PRSG Newsletter March 2021
Dear PRSG Family,
February was packed with a lot of difficulties for many of our clients that we are proud to say, PRSG was ready for. Let’s start with the huge winter storm of 2021. More than 200,000 Oregonians were left without power for several days and some up to a week, including many of our refugee clients. PRSG was able to place families in hotels, get them emergency rations, and make sure they were safe until they could go home. In addition, PRSG provided over $17,000 in direct assistance for rent, utilities, and other important needs. This was all made possible by you, our supporters!
In community news, PRSG is honored to have amazing community supporters who step up and come through when we need them most. This month our very own Nura Elmagbari gave a presentation about refugees to high school students (via Zoom) at the Portland Waldorf High School. After hearing about all of the needs refugees have, the students jumped into action and started a donation drive that has been very successful thus far. Thank you Wibke Fretz for sharing your classroom with us.
In addition, The Baha’is of the greater Portland area, as part of their Ayyam-i-Ha service activities, organized a donation drive on behalf of PRSG that collected much needed items for our families. For us, this is the true definition of community and family. We cannot do this work alone and knowing that there are people in the world who are willing to put so much effort into helping those with less, is heartwarming and strengthens our faith in humanity.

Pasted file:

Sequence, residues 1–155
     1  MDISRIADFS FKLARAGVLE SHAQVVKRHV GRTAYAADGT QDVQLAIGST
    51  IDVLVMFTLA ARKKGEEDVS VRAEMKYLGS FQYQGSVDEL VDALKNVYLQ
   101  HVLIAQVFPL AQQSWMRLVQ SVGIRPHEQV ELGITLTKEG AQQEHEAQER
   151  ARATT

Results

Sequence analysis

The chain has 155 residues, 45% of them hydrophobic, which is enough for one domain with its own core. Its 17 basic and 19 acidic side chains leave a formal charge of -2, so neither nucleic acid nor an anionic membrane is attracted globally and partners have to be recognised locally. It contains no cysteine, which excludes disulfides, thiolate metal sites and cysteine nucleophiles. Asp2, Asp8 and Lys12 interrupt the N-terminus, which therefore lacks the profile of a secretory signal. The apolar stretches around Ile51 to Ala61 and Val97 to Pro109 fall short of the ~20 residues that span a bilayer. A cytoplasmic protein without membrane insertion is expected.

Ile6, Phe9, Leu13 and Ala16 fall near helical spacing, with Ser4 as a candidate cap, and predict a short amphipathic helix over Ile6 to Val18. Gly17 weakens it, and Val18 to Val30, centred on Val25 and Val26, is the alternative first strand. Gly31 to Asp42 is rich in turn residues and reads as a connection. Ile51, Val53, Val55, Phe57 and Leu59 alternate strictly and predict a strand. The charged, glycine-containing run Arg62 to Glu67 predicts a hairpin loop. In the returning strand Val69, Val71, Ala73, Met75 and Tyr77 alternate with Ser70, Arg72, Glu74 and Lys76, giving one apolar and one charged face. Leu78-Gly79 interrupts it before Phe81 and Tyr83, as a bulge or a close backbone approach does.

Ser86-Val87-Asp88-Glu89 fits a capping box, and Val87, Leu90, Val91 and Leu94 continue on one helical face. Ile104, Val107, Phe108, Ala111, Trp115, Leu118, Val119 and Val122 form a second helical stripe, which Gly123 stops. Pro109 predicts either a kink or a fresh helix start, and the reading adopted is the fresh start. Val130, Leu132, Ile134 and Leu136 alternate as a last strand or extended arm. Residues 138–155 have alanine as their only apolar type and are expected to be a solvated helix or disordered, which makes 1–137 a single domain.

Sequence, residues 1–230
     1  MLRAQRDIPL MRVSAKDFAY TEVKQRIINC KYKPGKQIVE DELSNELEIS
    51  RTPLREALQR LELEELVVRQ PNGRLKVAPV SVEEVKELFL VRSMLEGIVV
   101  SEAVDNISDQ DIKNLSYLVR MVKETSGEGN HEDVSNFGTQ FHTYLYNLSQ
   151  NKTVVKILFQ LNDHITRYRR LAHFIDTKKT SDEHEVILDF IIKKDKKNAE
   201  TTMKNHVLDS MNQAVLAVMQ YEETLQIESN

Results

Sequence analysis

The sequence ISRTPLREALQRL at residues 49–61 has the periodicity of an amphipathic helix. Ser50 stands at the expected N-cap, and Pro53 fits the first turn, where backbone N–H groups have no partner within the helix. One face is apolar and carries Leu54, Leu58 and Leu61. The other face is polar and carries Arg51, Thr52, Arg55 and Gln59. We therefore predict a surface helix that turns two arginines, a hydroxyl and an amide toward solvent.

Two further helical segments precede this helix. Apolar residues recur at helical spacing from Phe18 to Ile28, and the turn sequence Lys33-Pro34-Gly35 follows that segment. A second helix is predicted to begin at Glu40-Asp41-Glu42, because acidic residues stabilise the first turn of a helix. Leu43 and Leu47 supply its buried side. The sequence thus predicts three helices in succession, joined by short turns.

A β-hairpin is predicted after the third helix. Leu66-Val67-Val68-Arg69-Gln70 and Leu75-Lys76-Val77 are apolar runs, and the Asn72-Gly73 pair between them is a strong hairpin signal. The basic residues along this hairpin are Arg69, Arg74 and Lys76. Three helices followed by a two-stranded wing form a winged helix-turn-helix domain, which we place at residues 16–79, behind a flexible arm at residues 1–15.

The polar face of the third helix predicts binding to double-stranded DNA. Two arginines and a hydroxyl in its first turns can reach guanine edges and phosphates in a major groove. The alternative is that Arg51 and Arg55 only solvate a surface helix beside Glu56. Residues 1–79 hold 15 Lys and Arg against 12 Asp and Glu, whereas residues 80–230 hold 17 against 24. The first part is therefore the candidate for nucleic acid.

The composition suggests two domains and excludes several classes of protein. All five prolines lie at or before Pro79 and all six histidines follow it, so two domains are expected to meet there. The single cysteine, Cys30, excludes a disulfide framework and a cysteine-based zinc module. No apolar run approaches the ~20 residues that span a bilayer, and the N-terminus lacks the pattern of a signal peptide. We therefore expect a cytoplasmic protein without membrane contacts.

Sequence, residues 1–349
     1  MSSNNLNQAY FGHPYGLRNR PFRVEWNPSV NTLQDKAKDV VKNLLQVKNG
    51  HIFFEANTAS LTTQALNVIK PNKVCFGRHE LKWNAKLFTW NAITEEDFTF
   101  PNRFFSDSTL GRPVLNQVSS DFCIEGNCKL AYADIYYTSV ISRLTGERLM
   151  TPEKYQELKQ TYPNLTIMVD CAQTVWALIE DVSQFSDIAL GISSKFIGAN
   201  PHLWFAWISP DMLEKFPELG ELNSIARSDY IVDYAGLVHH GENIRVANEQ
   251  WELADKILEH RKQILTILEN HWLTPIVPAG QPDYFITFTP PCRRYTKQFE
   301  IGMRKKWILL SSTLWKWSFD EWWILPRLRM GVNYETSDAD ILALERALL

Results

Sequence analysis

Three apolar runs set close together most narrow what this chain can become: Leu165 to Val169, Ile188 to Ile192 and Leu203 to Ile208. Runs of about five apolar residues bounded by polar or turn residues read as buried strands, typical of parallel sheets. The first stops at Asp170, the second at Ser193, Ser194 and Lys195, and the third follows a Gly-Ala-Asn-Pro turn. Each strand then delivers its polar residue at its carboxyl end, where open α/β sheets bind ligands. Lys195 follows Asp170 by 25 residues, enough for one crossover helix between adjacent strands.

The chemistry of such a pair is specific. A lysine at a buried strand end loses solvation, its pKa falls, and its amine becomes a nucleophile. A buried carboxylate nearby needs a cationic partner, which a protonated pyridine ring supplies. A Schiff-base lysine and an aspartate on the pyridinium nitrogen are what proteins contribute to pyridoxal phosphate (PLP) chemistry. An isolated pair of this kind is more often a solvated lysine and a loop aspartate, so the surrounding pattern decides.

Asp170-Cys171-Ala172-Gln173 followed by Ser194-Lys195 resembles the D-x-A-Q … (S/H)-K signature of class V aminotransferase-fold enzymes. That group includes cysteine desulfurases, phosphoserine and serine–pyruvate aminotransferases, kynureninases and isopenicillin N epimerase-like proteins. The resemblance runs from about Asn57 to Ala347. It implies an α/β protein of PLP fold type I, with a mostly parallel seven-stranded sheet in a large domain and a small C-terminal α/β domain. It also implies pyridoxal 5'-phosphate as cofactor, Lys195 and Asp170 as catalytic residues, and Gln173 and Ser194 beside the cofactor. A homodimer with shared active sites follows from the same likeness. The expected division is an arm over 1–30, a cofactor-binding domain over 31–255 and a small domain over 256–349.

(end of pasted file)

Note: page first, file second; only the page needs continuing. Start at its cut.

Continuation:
Lastly, PRSG is so proud of the Census Project team as they have officially launched the Client Census Survey. This survey will not only help us collect accurate data regarding our clients, it will also help us to better serve them. All new and existing clients will be required to fill out this census to be eligible for resources and services from PRSG, especially those programs supported by federal grants. Thank you, Zac, Xavier, Lisa, Megan, Cheri, Tom, and Emmanuel, for the countless volunteer hours you have put into this project.
As always, thank you for your continued support!
How You Can Help!
Thank you to all of our donors. Your generosity is what keeps us going. Of course, it is not all about money. We are always looking for new volunteers to fulfill many of the roles we have at PRSG. To apply, check out our website and fill out the application.
If you have fundraising ideas or would like to host a goods donations drive, we would love to hear from you. Send an email to email@example.com with your ideas. If you would like to make monetary donations, please use Donations - PORTLAND REFUGEE SUPPORT GROUP (pdxrsg.org).
Vaccine: For more information about who is currently eligible to take the and where you can get vaccinated, click on this link to learn more. Starting March 1st, Oregonians 65years and older will be eligible for the vaccine.
Vaccine Questions? If you have questions about the vaccine, reach out directly. Here are several ways to get your questions answered.
As 2021 continues to move forward, please do not forget to visit our website for all up to date resources and important information to best help our clients. If you are a core volunteer, you will soon be receiving a link for the Client Survey to share with the family you are supporting. Please take the time to work with your refugee family to fill this out completely as it will help us to better serve them. If you have any questions, please feel free to reach out to our office manager at Yasser@pdxrsg.org. As always, be safe and do not forget to check in regularly with your clients to make sure they have no emergency needs.
Resources and Upcoming Events